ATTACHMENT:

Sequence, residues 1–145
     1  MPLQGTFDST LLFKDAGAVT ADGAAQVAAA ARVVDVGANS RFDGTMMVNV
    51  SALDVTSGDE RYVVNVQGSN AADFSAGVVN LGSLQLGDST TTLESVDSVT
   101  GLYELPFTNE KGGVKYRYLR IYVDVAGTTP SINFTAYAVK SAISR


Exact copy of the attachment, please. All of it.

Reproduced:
Sequence, residues 1–145
     1  MPLQGTFDST LLFKDAGAVT ADGAAQVAAA ARVVDVGANS RFDGTMMVNV
    51  SALDVTSGDE RYVVNVQGSN AADFSAGVVN LGSLQLGDST TTLESVDSVT
   101  GLYELPFTNE KGGVKYRYLR IYVDVAGTTP SINFTAYAVK SAISR